Attention Armchair Travelers: Need More Help Around the House?
- Armchair Travel
- Selecting A College for Students with Learning Disabilities or Attention Deficit Hyperactivity Disorder
- Selecting a College for Students with Learning Disabilities or Attention Deficit Hyperactivity Disorder (ADHD)
- Attention Deficit/Hyperactivity Disorder
- Does Your Child Have an Attention Deficit Disorder?
- Quick Guidelines for Parenting (or Teaching) Kids with Attention Deficit Disorders
When you're a parent, the travel bug isn't always as easy to satisfy as it was in your carefree and kid-free days. But if you love to learn about new cultures, and happen to need more help taking care of your brood, there may just be a perfect solution: Rather than traveling to immerse your family in another country, bring it right to your doorstep.
The U.S. State Department monitors a program to bring young people from all over the world into American homes for a year or two. They're called au pairs. And in exchange for room, board, and some spending money, they come halfway around the globe to live with families, help take care of their kids, and learn something about American culture.
For the au pair, it's a great way to see a bit of America, before becoming too entrenched in a career. For busy families, especially those with two working parents, au pairs provide a third set of hands around the house.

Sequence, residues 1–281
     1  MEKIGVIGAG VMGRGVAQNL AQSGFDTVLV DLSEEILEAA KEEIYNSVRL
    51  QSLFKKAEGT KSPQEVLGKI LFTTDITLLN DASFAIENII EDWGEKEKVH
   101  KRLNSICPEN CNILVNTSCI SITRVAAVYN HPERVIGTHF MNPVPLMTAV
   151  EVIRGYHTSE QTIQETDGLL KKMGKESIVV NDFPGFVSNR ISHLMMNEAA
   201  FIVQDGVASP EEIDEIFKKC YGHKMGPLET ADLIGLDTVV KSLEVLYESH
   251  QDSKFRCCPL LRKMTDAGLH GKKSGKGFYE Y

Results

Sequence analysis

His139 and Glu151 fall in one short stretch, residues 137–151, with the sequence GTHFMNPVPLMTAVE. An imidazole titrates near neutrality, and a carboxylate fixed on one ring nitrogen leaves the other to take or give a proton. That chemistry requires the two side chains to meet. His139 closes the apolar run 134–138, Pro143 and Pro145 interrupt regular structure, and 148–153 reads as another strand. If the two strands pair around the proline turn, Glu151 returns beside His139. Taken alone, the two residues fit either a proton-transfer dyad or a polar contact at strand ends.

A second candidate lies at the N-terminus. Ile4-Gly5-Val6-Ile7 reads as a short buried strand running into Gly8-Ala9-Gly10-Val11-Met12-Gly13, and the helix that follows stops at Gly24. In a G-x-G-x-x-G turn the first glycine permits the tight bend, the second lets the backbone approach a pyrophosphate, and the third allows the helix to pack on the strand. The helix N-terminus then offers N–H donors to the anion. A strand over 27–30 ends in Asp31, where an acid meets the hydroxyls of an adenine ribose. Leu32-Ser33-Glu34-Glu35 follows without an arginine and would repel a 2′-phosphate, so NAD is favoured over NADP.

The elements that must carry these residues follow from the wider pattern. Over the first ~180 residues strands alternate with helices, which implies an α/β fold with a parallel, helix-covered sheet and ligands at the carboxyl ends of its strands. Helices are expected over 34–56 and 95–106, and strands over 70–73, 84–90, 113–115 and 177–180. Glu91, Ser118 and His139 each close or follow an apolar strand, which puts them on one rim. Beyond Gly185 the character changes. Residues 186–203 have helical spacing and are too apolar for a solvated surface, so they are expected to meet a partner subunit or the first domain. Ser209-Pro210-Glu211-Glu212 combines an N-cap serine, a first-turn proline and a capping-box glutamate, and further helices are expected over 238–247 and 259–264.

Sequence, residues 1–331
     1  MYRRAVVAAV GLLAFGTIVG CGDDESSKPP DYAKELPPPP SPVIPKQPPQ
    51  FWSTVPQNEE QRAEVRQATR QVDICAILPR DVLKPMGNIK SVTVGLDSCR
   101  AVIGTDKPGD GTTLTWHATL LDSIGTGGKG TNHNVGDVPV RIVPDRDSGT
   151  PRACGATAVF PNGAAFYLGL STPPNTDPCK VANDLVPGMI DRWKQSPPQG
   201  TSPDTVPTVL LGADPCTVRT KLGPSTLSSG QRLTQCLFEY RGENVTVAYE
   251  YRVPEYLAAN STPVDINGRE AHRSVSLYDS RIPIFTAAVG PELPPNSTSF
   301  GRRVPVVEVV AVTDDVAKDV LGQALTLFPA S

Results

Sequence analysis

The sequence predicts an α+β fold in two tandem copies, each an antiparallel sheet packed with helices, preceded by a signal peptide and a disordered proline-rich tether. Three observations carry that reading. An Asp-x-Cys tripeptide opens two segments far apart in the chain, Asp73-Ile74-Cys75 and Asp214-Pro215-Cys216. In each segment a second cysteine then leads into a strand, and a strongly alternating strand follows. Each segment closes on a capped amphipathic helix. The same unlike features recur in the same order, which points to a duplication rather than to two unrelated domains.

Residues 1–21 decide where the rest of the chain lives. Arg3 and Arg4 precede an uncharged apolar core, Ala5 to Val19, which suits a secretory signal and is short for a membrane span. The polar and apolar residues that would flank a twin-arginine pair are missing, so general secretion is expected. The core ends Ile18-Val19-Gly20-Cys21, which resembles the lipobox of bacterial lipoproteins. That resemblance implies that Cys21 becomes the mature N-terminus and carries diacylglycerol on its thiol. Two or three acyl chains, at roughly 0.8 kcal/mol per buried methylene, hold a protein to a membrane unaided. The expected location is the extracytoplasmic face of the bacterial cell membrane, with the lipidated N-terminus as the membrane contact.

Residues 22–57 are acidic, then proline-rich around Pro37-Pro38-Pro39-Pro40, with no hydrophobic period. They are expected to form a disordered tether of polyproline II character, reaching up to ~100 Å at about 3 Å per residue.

And although it's certainly not dirt cheap, at about $285 per week (regardless of the number of children), it's much more reasonable than fulltime daycare or a nanny. "For an active family with children, hosting an international au pair is one of the most affordable childcare options available. And yet, hosting an au pair is also one of the most rewarding childcare options for families," says Dale Dubowy, Regional Development Coordinator for Cultural Care Au Pair, a placement agency. "Au pairs enrich children's playtimes with international games, stories, and activities, while also helping families better balance their daily lives and schedules," she says.
So what's the downside? Well, for one, they are not maids. While au pairs can help with household responsibilities like preparing meals for the kids, doing the children's laundry, and helping them keep pick up their toys, they are not going to scrub your floor and deep clean your carpets. You need to know from the get-go that they're coming to help with the kids.
On the positive side, the best au pair programs require a significant chunk of childcare experience. In addition to a good deal of babysitting under their belts, many candidates have worked in schools as teachers or teacher's aides.
Sure, they'll be in your home, sharing your bathroom and maybe even "invading" some of your previously private time. But if you choose right, you'll have someone who becomes like a member of the family. And who opens your children's eyes to a wider world.
For more information, and a list of agencies approved by the U.S. State Department, see: http://exchanges.state.gov/education/jexchanges/private/aupair.htm.
Today on Education.com
- Kindergarten Sight Words List
- Coats and Car Seats: A Lethal Combination?
- Signs Your Child Might Have Asperger's Syndrome
- Child Development Theories
- Social Cognitive Theory
- GED Math Practice Test 1
- The Homework Debate
- 10 Fun Activities for Children with Autism
- Why is Play Important? Social and Emotional Development, Physical Development, Creative Development
- Problems With Standardized Testing